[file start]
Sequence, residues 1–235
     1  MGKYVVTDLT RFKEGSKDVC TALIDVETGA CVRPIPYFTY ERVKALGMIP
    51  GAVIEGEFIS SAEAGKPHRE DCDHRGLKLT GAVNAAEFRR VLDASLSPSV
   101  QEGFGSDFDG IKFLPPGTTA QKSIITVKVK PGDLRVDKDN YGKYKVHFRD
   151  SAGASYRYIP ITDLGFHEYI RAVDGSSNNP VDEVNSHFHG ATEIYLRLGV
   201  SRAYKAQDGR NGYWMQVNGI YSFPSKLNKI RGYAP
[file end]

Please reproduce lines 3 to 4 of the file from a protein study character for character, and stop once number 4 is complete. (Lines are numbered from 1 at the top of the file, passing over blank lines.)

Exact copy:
    51  GAVIEGEFIS SAEAGKPHRE DCDHRGLKLT GAVNAAEFRR VLDASLSPSV
   101  QEGFGSDFDG IKFLPPGTTA QKSIITVKVK PGDLRVDKDN YGKYKVHFRD